Outside of court, Walsh said the prosecution is still receiving information about the case from the district attorney's crime laboratory, the FBI and the sheriff's office.
Garcia Torres has yet to enter a plea in the murder-kidnap case more than a year after being charged.
Prosecutors have combined the charges with other allegations, filed in November, that Garcia Torres assaulted three women on March 19 and March 26, 2012, in Safeway parking lots in Morgan Hill, Walsh said.
"It's a complicated case and there is just a voluminous amount of discovery that is generated in a case of this nature," Walsh said.
The sheriff's office is also following up on leads and searches for clues about the missing teen, he said.
"The case is top priority with our office," Walsh said.
Sheriff's deputies arrested Garcia Torres on May 21 of last year after detectives reported finding DNA believed to be Sierra's inside his red Volkswagen Jetta.
Volunteers have organized searches on Saturday for Sierra in the Morgan Hill area, some repelling down the sides of mountains and at least one donning diving gear to look in local reservoirs and creeks, lead volunteer Doug Tollis said.
Tollis was among 10 supporters of Sierra who attended Tuesday's hearing, some expressing frustration with the months of delays in the case related to pretrial discovery issues.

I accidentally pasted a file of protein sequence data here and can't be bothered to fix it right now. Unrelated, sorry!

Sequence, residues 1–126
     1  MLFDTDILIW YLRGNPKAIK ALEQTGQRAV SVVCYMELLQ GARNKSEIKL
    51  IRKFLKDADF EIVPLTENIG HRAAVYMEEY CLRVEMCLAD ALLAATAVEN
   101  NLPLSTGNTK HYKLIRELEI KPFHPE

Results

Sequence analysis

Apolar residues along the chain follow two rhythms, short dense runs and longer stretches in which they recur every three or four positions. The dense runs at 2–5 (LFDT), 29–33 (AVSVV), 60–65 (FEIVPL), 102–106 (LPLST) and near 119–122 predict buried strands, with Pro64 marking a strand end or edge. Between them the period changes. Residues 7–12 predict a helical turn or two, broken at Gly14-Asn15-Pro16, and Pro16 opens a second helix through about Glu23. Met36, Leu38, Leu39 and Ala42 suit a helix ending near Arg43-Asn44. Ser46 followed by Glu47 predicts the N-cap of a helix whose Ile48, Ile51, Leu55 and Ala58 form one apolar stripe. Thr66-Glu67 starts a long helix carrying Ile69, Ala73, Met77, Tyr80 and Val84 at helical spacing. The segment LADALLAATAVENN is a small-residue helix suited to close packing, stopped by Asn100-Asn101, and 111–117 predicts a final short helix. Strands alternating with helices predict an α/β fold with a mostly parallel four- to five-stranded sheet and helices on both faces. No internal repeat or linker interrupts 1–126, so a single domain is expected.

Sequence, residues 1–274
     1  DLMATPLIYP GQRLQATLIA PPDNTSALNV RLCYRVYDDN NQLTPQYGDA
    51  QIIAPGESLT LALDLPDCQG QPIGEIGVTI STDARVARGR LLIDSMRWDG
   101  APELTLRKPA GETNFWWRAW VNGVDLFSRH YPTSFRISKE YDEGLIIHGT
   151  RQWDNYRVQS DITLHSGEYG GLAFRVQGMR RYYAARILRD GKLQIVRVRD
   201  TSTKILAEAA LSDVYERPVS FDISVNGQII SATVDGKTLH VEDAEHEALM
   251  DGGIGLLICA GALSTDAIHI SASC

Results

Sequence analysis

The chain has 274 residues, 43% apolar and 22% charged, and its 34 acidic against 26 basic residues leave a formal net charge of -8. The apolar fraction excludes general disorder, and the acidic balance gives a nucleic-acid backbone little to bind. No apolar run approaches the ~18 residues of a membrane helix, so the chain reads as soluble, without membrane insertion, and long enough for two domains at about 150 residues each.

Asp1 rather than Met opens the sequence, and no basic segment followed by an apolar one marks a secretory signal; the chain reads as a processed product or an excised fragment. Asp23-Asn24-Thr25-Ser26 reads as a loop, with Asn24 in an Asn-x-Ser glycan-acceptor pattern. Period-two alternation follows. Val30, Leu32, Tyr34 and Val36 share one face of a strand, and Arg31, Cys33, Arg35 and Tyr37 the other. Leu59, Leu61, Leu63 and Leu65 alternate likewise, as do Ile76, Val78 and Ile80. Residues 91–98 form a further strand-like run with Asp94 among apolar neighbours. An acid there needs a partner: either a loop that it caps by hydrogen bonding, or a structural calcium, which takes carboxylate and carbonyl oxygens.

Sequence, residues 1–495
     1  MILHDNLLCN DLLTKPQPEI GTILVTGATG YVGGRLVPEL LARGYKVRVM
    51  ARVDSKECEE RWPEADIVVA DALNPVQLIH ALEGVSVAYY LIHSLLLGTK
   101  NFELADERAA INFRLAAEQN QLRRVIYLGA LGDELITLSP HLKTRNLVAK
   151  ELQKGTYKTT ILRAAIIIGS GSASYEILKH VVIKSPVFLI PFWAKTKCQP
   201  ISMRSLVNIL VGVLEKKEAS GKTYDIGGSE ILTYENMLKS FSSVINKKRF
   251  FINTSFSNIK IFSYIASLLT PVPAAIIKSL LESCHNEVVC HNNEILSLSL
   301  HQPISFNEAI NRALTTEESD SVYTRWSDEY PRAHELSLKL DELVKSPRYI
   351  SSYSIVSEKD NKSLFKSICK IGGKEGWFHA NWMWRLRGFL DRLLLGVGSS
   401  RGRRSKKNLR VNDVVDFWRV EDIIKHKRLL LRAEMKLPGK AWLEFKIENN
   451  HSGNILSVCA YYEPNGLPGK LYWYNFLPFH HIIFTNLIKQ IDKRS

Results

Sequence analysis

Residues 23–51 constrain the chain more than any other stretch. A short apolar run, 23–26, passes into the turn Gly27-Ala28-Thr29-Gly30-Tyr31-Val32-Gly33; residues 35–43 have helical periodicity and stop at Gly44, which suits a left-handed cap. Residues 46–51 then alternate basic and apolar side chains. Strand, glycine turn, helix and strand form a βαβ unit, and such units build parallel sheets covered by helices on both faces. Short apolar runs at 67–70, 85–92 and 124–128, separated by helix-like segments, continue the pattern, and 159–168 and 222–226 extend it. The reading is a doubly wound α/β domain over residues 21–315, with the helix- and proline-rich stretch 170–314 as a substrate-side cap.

So far, volunteers have participated in about 360 searches for Sierra, with some people traveling from Malibu and Hollywood in Southern California to join them, Tollis said.
Marin Sheriff's Search and Rescue Team Helps Rescue Fallen Hiker in Yosemite National Park
The Marin County Search and Rescue Team was conducting its annual training in the right place at the right time Saturday afternoon when a 19-year-old man fell from a rock into Emerald Pool in Yosemite National Park.
The rock climber from Camarillo in Ventura County fell 15 to 20 feet and struck the right side of his head on a rock in the Merced River above Emerald Pool, but managed to cling to the rock and avoid being swept into the pool near Vernal Fall, said Marin County sheriff's Lt.
Doug Pittman, commander of the search and rescue team.
Four or five of the search and rescue team's mountain rescue-certified members were hiking up the Mist Trail that leads to Emerald Pool when tourists informed them of the climber's plight, Pittman said.
The team members were untrained in swift water rescue so they reported the incident to National Park Service rangers then found the man clinging to the rock as he went in and out of consciousness, Pittman said.
Two team members set up anchors on each side of river for use by the park rangers while other team members conversed with the man to keep him alert, Pittman said.
At one point the man lost his grip on the rock but fortunately was carried by the water that pushed him up onto another rock, Pittman said.
National Park Service ranger and spokeswoman Kari Cobb said the man was in an area of the river known as the Silver Apron that contains crevices.
Park rangers arrived about 40 minutes later and had to sink new anchors because the man traveled further downstream, Cobb said.